IL-35 production by inducible costimulator (ICOS)-positive regulatory T cells reverses established IL-17-dependent allergic airways disease

Gregory S Whitehead, Rhonda H Wilson, Keiko Nakano, Lauranell H Burch, Hideki Nakano, Donald N Cook
Journal of Allergy and Clinical Immunology 2012, 129 (1): 207-15.e1-5

BACKGROUND: Recent evidence suggests that IL-17 contributes to airway hyperresponsiveness (AHR); however, the mechanisms that suppress the production of this cytokine remain poorly defined.

OBJECTIVE: We sought to identify the regulatory cells and molecules that suppress IL-17-dependent allergic airways disease.

METHODS: Mice were sensitized by means of airway instillations of ovalbumin together with low levels of LPS. Leukocyte recruitment to the lung and AHR were assessed after daily challenges with aerosolized ovalbumin. Flow cytometry, quantitative PCR, and gene-targeted mice were used to identify naturally arising subsets of regulatory T (Treg) cells and their cytokines required for the suppression of established allergic airway disease.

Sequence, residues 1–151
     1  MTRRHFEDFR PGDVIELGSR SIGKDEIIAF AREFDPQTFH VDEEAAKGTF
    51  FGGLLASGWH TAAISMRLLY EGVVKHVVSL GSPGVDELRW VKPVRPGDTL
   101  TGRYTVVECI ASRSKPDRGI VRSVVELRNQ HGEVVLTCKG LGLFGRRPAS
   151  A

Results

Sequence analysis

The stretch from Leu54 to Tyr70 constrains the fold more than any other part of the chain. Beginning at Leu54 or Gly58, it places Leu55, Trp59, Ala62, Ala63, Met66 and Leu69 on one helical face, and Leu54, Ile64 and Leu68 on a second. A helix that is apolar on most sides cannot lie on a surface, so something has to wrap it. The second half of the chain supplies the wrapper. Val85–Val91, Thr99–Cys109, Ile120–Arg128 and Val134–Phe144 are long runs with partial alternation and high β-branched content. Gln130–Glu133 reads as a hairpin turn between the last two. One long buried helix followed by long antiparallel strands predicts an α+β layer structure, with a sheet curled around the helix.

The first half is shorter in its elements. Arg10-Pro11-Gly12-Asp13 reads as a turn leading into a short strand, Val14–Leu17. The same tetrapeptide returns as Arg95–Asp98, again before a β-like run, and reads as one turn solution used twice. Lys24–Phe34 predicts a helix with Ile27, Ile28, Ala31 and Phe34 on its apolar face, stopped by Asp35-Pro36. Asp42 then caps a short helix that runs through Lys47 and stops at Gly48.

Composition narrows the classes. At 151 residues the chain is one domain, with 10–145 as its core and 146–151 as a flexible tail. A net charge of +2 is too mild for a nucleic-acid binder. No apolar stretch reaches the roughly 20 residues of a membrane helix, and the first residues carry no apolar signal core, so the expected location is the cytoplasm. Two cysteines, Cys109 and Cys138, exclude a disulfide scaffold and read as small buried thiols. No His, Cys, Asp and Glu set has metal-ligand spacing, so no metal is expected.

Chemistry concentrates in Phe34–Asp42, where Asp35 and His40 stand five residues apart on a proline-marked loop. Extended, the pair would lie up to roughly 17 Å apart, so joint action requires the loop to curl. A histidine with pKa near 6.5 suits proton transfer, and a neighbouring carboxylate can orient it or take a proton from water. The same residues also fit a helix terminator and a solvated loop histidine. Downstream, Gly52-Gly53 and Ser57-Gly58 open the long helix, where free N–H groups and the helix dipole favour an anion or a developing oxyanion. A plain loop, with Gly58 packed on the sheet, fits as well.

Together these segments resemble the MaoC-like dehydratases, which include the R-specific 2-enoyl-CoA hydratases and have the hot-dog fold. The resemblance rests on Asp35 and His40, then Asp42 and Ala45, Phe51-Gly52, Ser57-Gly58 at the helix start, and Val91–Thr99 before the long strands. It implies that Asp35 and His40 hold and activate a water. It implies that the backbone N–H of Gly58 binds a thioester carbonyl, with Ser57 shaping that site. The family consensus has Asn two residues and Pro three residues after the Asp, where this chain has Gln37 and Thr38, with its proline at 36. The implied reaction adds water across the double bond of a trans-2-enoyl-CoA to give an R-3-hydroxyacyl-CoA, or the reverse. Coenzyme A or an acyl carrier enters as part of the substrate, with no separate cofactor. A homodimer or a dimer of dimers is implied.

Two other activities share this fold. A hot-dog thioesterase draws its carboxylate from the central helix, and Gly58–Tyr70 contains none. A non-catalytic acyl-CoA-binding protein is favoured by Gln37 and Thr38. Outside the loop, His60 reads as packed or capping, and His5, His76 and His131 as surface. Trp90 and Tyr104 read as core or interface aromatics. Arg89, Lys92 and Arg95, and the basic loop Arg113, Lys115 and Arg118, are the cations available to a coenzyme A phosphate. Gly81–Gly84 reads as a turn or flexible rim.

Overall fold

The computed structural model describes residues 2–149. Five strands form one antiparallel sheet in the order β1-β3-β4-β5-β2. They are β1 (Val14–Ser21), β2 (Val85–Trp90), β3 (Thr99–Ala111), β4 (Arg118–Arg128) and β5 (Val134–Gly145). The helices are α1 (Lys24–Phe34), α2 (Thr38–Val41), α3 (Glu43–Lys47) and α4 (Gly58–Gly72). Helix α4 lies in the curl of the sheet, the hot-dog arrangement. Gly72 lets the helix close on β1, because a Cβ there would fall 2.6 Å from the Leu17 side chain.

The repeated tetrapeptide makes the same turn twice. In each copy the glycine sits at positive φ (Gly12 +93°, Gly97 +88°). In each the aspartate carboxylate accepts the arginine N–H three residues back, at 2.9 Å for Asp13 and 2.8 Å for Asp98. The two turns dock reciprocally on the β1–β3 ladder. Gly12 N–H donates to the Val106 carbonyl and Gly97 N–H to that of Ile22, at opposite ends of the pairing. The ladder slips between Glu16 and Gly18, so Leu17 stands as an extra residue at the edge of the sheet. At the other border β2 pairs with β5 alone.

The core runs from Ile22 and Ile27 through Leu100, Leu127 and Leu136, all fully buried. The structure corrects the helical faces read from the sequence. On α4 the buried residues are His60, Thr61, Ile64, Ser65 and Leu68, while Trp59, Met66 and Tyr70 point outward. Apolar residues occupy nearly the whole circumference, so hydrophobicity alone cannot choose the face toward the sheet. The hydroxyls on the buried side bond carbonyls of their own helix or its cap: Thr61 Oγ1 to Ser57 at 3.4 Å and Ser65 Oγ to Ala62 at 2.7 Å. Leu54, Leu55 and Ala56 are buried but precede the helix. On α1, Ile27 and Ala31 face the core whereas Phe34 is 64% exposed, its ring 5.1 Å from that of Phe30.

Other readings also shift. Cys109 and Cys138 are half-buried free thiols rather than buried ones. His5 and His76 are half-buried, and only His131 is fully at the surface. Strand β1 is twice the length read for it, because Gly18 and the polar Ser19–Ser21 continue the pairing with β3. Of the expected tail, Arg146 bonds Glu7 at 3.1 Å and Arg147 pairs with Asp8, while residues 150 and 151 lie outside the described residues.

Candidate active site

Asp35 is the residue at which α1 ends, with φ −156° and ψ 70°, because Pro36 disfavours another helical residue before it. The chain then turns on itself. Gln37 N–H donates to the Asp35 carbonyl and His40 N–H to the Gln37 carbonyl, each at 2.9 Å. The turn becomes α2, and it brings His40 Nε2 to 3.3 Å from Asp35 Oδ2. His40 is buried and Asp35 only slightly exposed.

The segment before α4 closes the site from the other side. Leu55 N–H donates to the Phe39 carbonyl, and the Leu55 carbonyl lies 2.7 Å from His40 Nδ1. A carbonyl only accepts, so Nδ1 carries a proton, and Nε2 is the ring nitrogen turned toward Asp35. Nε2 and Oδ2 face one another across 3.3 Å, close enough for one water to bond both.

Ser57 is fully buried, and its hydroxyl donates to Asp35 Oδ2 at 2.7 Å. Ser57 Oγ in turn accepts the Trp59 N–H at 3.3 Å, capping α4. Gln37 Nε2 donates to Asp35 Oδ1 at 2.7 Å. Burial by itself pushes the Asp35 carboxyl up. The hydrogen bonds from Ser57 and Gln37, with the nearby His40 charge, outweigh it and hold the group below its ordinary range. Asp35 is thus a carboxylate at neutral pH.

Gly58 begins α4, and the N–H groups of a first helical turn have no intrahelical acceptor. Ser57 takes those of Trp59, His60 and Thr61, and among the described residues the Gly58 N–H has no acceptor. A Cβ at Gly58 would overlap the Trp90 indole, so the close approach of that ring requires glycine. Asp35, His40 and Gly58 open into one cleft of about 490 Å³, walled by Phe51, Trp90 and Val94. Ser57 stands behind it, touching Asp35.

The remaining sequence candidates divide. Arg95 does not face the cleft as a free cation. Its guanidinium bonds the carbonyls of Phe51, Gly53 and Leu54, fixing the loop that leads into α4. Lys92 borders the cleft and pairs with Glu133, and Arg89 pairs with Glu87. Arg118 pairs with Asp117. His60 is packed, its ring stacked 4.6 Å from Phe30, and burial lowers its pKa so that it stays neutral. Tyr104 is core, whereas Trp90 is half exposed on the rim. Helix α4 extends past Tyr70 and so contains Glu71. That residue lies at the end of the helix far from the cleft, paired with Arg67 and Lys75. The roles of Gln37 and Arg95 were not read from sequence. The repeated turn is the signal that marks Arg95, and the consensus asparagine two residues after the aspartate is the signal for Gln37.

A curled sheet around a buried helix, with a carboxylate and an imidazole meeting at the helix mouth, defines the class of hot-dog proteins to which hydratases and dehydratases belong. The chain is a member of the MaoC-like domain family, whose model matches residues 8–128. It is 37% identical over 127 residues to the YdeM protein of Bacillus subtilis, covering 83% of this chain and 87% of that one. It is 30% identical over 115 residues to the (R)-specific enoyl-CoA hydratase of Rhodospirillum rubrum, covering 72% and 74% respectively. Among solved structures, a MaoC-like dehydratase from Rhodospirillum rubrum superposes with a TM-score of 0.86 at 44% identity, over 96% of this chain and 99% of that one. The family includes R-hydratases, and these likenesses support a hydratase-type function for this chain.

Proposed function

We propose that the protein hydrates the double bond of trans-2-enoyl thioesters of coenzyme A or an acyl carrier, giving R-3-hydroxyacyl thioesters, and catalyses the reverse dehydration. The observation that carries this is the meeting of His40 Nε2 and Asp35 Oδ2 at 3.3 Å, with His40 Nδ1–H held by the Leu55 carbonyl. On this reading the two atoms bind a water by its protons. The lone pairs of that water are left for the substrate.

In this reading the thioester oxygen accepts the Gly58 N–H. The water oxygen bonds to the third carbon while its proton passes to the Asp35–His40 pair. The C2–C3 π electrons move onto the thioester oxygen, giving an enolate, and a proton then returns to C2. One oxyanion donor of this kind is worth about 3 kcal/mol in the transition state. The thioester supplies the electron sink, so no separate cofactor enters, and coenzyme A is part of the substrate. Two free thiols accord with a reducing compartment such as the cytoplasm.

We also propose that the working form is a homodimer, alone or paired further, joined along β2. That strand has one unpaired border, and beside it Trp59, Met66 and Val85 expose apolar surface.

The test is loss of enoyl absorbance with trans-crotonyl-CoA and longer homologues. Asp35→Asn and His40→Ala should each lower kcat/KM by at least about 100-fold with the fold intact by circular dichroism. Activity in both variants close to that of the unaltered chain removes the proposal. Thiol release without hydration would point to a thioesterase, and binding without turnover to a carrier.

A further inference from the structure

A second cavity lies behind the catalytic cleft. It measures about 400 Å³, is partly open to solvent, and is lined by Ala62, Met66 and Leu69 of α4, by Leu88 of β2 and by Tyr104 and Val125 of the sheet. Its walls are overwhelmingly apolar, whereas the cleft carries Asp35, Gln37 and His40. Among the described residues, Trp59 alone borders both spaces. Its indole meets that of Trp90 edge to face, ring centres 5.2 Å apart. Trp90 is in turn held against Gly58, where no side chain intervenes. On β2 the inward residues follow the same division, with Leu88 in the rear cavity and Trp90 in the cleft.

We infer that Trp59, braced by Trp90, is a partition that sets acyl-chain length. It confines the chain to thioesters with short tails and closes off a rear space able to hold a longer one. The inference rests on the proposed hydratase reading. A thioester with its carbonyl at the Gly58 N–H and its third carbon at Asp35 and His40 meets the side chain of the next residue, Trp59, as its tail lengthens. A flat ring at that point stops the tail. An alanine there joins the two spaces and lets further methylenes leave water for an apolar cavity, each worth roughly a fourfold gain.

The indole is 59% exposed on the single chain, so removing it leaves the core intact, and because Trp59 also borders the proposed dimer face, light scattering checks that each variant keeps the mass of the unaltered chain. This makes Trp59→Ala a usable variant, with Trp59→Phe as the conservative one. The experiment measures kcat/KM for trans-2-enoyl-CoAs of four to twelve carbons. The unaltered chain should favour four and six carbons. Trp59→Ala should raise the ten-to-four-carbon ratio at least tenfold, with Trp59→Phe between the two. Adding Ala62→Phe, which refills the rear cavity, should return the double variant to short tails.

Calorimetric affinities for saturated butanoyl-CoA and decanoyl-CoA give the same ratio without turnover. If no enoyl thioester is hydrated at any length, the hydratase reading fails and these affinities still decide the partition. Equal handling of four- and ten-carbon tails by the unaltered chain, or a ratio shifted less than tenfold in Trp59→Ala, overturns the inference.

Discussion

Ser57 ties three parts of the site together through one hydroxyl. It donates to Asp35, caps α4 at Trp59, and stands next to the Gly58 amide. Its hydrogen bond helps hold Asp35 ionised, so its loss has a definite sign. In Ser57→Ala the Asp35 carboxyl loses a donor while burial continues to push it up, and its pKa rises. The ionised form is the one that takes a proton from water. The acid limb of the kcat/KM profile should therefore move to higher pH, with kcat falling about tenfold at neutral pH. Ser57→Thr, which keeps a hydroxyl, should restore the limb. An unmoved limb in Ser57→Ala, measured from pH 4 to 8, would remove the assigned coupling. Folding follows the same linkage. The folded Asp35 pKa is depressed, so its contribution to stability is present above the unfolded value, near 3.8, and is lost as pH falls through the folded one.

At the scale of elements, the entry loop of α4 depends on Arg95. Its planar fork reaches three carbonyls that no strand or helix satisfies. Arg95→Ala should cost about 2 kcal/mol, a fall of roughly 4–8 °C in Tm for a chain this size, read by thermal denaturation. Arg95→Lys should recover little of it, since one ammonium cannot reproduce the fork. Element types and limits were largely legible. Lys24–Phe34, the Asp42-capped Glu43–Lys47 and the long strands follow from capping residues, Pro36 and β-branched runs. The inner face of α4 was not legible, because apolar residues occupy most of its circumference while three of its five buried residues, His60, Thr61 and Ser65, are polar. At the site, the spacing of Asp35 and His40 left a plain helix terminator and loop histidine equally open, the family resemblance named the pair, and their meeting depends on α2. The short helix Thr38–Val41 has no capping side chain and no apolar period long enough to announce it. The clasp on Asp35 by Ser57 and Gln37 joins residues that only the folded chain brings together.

RESULTS: Allergic sensitization through the airway primed both effector and regulatory responses. Effector responses were initially dominant and led to airway inflammation and IL-17-dependent AHR. However, after multiple daily allergen challenges, IL-17 production and AHR decreased, even though pulmonary levels of T(H)17 cells remained high. This loss of AHR was reversible and required the expansion of a Treg cell subset expressing both forkhead box protein 3 and inducible costimulator. These Treg cells also expressed the regulatory cytokines IL-10, TGF-β, and IL-35. Whereas IL-10 and TGF-β were dispensable for suppression of AHR, IL-35 was required.

CONCLUSION: IL-35 production by inducible costimulator-positive Treg cells can suppress IL-17 production and thereby reverse established, IL-17-dependent AHR in mice. Targeting this pathway might therefore be of therapeutic value for treating allergic asthma in human subjects.

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